Remittances: the unexpected lifeline of emerging countries during the pandemic | Economy

Two people receive, in Manila (Philippines), remittances sent by their emigrated relatives.
Two people receive, in Manila (Philippines), remittances sent by their emigrated relatives.Eloisa Lopez (Reuters)

In view of the fact that her sister, an employee of a restaurant in Tegucigalpa (Honduras), had lost her job in the harshest months of the health crisis, Cecy Zerón, 35 years old and resident in Spain for seven, reduced to the maximum their expenses. The goal: to increase the amount of money he sent to his family. Unlike hers, she was able to maintain her income in the worst of the crisis, without even falling into ERTE. “My sister is the one who helps my mother, and without her salary they had practically no income … Although it is not easy for me, whenever I can send a little more I do it. But during the pandemic, even more so ”, explains Zerón, who works as a domestic worker, caregiver for the elderly and in the kitchen of a restaurant in Madrid. Everything at once.

The coronavirus crisis has been an economic blow of great proportions around the world, but much more so for middle- and low-income nations: there it threatens to ruin several years of development. In the midst of a gale, however, remittances have held up unusually well. Infinitely better, in fact, than anyone expected: for many of these countries, mostly Latin American and Asian, it has been – in the words of Ana Revenga, of the Brookings Institute – a true “lifesaver” at the most critical moment.

The total value of money sent by migrants around the world is on track to grow by 7.1% in 2021, according to the latest data from the World Bank. In 2020 – in the midst of a global recession – it only fell by 1.7%, removing the scarecrow from the most apocalyptic forecasts, including those of the Washington-based lender itself, which even predicted a 20% drop. One piece of information perfectly synthesizes the importance that remittances have acquired in the emerging world: they are already more important than the sum of foreign direct investment and official development aid.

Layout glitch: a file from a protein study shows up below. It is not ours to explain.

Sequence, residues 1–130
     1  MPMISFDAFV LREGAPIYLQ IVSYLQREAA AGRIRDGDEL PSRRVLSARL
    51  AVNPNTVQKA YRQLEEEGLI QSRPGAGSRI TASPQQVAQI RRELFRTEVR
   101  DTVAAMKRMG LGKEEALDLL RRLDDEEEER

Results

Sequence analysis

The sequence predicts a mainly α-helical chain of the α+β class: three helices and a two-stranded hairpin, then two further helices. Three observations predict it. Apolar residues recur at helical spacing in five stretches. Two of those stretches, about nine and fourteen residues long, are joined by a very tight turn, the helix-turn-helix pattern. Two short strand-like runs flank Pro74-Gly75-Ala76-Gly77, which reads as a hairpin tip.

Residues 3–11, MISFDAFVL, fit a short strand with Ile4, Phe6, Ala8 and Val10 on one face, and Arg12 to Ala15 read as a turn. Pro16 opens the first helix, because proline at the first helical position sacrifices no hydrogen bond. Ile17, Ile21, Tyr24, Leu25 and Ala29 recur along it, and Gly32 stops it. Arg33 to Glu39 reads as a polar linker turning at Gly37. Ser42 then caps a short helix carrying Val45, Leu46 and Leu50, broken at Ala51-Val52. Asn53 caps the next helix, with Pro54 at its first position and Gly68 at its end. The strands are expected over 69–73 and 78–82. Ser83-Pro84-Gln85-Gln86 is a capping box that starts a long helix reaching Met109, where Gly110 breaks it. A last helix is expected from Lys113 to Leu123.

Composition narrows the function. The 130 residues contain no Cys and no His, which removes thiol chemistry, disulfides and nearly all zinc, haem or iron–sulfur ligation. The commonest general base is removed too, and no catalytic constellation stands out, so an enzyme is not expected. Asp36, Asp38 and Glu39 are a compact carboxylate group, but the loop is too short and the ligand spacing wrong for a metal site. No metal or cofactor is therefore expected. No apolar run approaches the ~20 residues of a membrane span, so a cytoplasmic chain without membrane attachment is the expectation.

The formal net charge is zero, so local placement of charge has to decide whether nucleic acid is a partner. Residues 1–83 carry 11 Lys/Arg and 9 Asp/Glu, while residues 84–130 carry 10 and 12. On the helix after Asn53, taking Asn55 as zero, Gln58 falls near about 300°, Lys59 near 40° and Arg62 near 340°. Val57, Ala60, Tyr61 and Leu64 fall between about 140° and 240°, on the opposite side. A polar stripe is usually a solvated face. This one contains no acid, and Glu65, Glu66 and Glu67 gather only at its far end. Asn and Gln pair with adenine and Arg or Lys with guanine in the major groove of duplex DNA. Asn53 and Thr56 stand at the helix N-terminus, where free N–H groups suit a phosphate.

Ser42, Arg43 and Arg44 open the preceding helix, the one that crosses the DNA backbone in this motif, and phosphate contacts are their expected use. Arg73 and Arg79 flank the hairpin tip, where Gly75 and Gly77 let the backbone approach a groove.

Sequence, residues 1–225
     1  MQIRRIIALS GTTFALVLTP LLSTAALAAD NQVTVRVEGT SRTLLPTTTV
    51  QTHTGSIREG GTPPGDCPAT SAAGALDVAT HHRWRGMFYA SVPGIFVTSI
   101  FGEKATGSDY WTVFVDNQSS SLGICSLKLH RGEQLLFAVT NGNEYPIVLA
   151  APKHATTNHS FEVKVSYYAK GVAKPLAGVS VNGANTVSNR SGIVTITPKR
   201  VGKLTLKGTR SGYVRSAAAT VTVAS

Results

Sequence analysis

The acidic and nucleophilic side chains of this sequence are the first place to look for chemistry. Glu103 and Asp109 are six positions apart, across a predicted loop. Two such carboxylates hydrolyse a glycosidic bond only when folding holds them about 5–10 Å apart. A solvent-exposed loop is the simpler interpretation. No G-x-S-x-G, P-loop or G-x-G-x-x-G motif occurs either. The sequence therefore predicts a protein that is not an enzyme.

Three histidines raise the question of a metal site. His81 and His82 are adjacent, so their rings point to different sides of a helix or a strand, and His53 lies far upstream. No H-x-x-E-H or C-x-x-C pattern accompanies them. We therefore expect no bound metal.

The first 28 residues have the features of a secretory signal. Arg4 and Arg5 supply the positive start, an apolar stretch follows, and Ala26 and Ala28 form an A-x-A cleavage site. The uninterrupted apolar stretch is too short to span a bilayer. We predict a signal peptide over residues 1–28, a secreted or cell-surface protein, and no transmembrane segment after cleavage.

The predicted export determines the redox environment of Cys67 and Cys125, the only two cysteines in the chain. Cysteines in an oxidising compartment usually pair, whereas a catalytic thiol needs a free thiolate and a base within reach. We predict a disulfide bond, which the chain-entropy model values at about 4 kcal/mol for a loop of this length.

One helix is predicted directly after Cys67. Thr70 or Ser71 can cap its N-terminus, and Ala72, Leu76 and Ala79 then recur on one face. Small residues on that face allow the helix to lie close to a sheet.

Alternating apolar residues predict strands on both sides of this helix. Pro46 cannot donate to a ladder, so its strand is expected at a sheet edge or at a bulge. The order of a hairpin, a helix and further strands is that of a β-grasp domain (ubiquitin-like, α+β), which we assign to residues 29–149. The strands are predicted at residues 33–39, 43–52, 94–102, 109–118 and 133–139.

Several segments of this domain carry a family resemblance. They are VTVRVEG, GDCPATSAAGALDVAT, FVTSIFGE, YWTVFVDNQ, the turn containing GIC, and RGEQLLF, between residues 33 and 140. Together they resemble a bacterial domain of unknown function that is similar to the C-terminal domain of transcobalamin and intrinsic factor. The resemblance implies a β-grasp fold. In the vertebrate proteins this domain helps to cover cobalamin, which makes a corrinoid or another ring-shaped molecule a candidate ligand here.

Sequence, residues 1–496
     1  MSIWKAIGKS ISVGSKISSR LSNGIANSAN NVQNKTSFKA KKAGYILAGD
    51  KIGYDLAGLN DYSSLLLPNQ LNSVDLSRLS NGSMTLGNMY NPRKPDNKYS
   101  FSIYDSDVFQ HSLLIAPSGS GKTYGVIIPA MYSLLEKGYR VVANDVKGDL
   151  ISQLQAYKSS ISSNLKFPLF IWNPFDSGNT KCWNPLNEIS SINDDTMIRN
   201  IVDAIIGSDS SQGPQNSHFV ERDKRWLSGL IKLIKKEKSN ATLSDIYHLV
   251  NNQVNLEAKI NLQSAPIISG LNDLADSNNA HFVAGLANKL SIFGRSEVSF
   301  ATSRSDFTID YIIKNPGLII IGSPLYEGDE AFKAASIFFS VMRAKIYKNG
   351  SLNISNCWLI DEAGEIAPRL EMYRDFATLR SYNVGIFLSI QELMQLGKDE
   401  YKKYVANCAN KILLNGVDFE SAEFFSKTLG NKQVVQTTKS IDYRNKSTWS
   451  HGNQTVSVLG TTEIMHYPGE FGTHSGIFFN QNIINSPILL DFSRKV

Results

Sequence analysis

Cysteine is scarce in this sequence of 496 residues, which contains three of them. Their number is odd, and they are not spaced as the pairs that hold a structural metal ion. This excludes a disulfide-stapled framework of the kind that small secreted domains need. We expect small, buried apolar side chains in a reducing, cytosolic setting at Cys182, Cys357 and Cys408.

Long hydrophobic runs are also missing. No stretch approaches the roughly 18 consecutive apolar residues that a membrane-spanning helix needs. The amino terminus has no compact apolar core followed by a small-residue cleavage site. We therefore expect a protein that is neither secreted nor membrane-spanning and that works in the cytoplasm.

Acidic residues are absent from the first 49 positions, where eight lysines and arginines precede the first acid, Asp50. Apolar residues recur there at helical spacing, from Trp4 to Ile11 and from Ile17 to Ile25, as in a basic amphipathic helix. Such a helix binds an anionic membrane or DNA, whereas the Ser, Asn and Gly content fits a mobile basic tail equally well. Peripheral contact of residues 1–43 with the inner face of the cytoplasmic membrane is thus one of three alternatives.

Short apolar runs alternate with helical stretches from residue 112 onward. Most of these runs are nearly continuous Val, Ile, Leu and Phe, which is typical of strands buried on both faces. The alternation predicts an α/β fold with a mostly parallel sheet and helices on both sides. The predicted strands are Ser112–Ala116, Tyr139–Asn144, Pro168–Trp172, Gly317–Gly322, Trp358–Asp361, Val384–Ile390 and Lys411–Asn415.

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“It has been a lifeline, a huge inflow of resources for millions of families and for many countries when they needed it most: in the midst of the collapse of world trade and tourism,” says Alejandro Canales, researcher at the University of Guadalajara (Mexico) and author of several studies on remittances. It is, he says, an especially clear phenomenon in Mexico and India, and in the Central American Northern Triangle: Honduras, Guatemala and El Salvador.

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What has kept the remittances flame alive when all the rest of the economic dominoes fell one after another? Far from pointing to a single factor, all the specialists consulted for this report point to a host of explanations: from family solidarity at a critical moment – as the case of Zerón attests – to the rapid recovery of labor markets in rich countries , going through the quasi-universal checks to help workers in the United States or ERTE and other programs to guarantee labor income in Spain and the rest of Europe.